Submitted by: John Schofield

Here are some tips on saving time and money with plants in containers and herbaceous borders:

Plants in containers

Removing dead flowers: Summer-flowering plants in hanging-baskets, window boxes, troughs and other containers can be brightened up quickly by using sharp scissors to snip off dead flowers. This extends their flowering period and prevents decaying flowers spreading infection to others.

Where daily watering is difficult: Add water-retaining materials to the compost when planting the container. Use moisture-retaining liners when planting a hanging-basket.


Easy watering: When watering hanging-baskets, or a large group of pots, tie the end of a hosepipe to a 1.2m (4ft) long cane. It is then possible to direct the water more easily into pots: when watering a hanging-basket, bend over the tip of the hosepipe (it can be held in place with a piece of wire, perhaps from a wire clothes hanger). Alternatively, use proprietary hosepipe fittings.

Recycling growing-bags: Where a growing-bag has been used to grow vegetables, perhaps tomatoes in a greenhouse or lettuces on a patio, at the end of the season remove the plants and place the bag in a shed. In the following spring, mix a general fertilizer with the compost and plant with culinary herbs, such as mints that need to have their roots constricted. Half-hardy annuals can also be planted in this medium.

Rejuvenating dry hanging-baskets: Where the compost in a hanging-basket has become exceptionally dry, lower the basket and immerse the compost in a large bowl or bucket of water. Wait until air bubbles cease to rise, then replace the basket on its supporting bracket. First-aid watering: During very hot days -or when a hanging-basket cannot be watered – place a few ice cubes on the compost. These will melt gradually and the water will become available to the plants. Grouping plants in pots: Position plants in pots in a group, rather than spreading them over a large area. This helps to create a more impressive display, as well as slightly reducing the amount and frequency of water they require.

Keeping herbaceous borders smart and tidy

Removing dead flowers: Cutting off dead flowers is time-consuming, but it certainly prolongs the display as well as preventing plants developing seeds at the expense of growth and flowers. Use sharp secateurs or scissors and cut them immediately above a leaf. Place the dead flowers on a compost heap rather than just dropping them on the soil.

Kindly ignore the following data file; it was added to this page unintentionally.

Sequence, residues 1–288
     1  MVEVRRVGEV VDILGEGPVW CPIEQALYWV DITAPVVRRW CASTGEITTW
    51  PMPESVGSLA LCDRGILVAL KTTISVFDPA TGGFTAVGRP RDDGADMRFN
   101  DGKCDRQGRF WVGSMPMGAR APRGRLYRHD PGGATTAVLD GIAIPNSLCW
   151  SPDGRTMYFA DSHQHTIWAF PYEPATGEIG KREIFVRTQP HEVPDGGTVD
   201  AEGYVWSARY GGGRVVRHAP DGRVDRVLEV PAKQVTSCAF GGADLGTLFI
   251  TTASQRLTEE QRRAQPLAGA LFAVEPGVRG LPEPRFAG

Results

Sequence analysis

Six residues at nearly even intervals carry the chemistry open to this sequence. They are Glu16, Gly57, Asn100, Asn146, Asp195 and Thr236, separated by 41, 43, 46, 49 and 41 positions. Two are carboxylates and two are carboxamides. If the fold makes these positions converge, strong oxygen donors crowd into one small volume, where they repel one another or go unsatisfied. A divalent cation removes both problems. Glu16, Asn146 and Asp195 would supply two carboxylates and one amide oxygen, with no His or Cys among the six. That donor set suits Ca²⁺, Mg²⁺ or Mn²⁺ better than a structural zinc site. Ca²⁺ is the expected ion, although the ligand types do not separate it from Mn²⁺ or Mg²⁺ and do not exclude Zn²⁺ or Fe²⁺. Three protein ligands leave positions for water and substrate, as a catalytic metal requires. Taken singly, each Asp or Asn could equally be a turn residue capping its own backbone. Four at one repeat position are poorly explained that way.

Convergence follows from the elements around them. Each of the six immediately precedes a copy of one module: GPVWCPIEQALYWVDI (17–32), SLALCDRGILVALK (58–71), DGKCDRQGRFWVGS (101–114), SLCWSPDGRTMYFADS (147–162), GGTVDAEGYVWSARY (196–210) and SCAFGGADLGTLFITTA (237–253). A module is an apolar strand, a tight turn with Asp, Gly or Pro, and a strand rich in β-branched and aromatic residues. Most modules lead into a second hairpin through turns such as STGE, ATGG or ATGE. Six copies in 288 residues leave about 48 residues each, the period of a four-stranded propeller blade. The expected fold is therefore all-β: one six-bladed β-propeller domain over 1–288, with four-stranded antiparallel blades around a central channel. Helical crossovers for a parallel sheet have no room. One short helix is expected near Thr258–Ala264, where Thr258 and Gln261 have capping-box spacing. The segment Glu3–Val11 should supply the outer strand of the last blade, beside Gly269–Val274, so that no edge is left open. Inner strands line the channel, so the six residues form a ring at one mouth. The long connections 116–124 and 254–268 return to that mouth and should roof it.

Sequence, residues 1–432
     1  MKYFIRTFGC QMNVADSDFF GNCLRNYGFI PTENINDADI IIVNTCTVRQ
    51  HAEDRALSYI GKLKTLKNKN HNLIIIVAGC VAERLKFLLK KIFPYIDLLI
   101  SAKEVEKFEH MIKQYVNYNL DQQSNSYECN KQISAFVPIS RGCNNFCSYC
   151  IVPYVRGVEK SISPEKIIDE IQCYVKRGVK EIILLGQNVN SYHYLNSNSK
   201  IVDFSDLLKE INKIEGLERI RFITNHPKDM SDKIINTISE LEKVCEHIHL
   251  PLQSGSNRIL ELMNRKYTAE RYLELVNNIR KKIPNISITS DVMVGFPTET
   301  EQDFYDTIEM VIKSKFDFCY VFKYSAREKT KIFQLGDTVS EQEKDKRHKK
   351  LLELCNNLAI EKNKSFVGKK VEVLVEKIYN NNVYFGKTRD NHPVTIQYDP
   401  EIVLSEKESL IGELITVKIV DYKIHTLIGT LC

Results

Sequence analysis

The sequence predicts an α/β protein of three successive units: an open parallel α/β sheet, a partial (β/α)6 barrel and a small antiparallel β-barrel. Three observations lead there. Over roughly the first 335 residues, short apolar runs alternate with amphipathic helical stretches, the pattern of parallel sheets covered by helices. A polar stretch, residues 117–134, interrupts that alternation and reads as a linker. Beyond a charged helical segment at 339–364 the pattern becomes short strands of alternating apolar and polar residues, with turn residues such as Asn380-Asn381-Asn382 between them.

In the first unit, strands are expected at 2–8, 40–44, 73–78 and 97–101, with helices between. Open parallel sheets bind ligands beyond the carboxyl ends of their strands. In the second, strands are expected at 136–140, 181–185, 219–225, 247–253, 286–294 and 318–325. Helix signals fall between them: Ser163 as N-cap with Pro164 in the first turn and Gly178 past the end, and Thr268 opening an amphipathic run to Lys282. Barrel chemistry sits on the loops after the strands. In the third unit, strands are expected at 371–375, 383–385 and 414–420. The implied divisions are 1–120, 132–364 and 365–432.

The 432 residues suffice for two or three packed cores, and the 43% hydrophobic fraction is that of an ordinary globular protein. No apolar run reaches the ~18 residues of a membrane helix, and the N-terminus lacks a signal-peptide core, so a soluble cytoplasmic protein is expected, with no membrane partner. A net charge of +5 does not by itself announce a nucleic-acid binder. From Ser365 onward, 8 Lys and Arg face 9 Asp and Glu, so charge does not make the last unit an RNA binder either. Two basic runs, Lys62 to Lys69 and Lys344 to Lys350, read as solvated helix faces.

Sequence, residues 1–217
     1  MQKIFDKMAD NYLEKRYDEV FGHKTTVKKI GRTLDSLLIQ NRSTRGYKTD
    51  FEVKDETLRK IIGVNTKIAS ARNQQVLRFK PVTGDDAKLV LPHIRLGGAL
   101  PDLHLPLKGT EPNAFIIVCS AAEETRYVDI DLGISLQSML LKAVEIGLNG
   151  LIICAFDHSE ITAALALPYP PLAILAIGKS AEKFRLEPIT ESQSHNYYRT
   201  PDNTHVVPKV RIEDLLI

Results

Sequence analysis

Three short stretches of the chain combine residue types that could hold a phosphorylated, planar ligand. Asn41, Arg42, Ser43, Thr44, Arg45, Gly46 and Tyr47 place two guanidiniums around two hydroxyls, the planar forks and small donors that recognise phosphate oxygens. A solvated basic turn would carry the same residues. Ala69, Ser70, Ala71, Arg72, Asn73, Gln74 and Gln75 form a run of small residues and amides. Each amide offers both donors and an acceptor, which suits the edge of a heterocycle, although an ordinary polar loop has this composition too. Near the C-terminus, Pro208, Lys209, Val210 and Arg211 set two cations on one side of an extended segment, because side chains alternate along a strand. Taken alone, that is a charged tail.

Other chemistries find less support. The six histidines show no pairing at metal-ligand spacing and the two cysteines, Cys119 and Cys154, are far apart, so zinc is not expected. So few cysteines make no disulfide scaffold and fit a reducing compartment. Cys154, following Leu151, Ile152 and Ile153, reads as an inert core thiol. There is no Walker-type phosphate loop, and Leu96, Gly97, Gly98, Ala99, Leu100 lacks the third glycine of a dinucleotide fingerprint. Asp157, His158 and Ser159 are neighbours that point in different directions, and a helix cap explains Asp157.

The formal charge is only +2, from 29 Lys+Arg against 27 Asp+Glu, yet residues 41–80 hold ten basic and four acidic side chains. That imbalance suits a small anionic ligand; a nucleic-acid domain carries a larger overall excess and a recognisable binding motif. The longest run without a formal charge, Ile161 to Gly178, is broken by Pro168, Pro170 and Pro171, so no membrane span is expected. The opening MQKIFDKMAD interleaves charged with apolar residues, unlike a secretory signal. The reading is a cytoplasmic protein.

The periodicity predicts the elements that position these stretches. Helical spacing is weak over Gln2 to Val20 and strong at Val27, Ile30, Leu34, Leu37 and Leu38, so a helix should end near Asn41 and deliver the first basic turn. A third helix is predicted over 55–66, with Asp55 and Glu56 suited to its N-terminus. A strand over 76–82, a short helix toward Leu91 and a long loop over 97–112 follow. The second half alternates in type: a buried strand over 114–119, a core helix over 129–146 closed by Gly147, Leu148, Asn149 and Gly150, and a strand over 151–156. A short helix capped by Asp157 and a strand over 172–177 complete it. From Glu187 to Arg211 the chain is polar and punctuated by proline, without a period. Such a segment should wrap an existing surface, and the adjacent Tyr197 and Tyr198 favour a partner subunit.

Supporting plants: Some herbaceous plants are self-supporting, while others need unobtrusive support. The traditional way to support herbaceous plants is to push twiggy sticks around them while they are still small, so that foliage and flowers grow through them. Proprietary metal supports are available.

Mulching the soil: In spring, shallowly fork around established plants, removing weeds and ensuring that the soil does not have a crusty cap that prevents air and water entering the ground. Thoroughly water the soil, then form a 5cm (2in) thick mulch of well-decayed garden compost over the surface. Alternatively, use a mulch formed of shredded bark.

Autumn tidiness: During autumn, herbaceous plants die down to soil-level; the old stems can be cut down to soil-level, removed and added to a compost heap. This creates a smart and tidy border throughout winter. Alternatively, the stems and old leaves are left in place throughout winter, so that they create an attractive feature when covered in frost.

Re-firm plants in spring: In spring, use the heel of your boot to firm soil around herbaceous plants planted during the previous autumn. This ensures soil is in close contact with the roots and that growth will begin as soon as the weather allows.

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